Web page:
Implicit affordances are also known as hidden affordances. These are affordances that are not seen at first and require an action to be seen. Examples of this include iOS pull down menus, iOS action sheets, tool tips, or hovering over a button to show interactivity. Hidden affordances are smart ways designers can lessen visual load and complexity.
Pull down menus or action sheets will hide different content options and will only be revealed once you interact with the menu item. These implicit affordances can be missed if the design is not clear enough, resulting in a bad user experience.
Pattern affordances occur by convention. They are interactions a user would automatically recognise and know how to use because it has become universally understood. An example of this is underlined copy which informs that the copy is clickable. Designers can create UI Pattern Libraries for familiarity and consistency. The Human Interface Guidelines and Material Guidelines are great examples of UI Pattern libraries designers can utilise to create familiarity and consistency in their apps.
Pattern affordances save people the effort of learning new interactions.
Metaphorical affordances make use of metaphors to communicate meaning in an interface. An example of this is the use of a phone icon to call someone. The phone icon mimics the visual elements that a real telephone has, making it easy for the user to understand. Another example of a metaphorical affordance can be seen in the adoption of skeuomorphism in some earlier Apple interfaces. The aesthetic of skeuomorphic design was to literally mimic real-world textures, light sources and shadows to make elements on screen look and feel like the real thing.
Animated affordances are affordances cued by animation. Animation in user interface design creates a powerful connection between the outside world and the digital world. Animated affordances tell the user how to use something or how something is being used by animating the object in the same way we see objects moving in the real world. Examples such as swiping, scrolling, pushing, pulling and dragging can be animated in an interface in the same way we perceive and interact with real objects and elements.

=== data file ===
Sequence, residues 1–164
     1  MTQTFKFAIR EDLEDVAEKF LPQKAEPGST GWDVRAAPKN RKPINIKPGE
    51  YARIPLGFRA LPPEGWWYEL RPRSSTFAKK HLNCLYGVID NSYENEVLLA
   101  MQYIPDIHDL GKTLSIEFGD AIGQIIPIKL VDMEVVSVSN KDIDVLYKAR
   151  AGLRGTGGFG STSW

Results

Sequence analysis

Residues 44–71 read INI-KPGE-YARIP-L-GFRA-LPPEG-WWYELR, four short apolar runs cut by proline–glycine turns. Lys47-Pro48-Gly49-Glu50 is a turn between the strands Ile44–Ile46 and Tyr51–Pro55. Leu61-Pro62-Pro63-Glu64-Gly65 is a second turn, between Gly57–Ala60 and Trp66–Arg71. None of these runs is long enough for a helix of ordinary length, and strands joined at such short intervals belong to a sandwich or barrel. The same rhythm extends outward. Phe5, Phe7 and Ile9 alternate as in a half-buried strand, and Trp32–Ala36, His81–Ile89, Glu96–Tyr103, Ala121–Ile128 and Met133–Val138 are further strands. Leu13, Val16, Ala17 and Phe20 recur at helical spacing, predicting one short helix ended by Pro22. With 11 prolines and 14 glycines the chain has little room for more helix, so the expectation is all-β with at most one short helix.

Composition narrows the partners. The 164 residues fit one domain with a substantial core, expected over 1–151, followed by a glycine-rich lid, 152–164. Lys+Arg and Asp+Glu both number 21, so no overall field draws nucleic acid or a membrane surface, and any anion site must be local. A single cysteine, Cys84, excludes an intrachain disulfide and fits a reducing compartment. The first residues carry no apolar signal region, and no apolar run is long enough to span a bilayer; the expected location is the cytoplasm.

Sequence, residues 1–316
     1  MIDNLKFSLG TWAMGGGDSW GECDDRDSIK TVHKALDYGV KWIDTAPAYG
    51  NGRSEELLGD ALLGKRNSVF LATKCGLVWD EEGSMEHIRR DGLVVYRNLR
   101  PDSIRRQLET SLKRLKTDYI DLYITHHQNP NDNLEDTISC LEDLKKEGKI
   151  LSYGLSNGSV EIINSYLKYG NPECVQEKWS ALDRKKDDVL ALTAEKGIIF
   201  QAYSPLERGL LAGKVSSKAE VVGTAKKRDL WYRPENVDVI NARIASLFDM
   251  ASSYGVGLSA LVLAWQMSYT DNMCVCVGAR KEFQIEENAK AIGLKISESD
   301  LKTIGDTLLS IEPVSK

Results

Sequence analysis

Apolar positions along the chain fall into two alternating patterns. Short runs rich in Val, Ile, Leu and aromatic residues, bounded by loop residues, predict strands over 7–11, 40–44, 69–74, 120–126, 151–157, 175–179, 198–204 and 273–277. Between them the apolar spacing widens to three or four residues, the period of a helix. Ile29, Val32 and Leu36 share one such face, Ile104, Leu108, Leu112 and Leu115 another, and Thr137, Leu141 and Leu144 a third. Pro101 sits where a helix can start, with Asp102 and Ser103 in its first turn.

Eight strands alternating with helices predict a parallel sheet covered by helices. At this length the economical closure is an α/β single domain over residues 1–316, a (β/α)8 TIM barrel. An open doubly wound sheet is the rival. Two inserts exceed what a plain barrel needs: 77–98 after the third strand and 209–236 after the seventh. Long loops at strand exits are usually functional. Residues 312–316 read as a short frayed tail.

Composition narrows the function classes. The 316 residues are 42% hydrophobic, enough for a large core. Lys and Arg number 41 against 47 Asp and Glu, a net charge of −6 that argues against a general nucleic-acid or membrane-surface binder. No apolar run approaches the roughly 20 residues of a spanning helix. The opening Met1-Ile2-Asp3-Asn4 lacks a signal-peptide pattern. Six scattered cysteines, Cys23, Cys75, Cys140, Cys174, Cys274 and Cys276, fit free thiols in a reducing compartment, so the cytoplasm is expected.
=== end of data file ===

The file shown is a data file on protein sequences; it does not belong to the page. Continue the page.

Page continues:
A negative affordance is basically no affordance. This is a key factor to consider when designing an interface. There are instances when an interface needs to tell the user that they can’t do something, or that something is inactive. An example of this would be an inactive state of a button. The purpose of this is to let the user know that action is needed in order to continue to the next step or complete a task.
A false affordance is when something unexpected happens. These affordances often lead to a negative user experience. An example of a false affordance is when selecting an active button, but nothing happens, no feedback is provided, and the system does not respond to the users action.
Affordances play a crucial part when designing experiences for people in the physical and digital world. It is the responsibility of the designer to make sure our designs are intuitive and inclusive. We should strive to design affordances clearly and easy to use and considerate of all user types and abilities.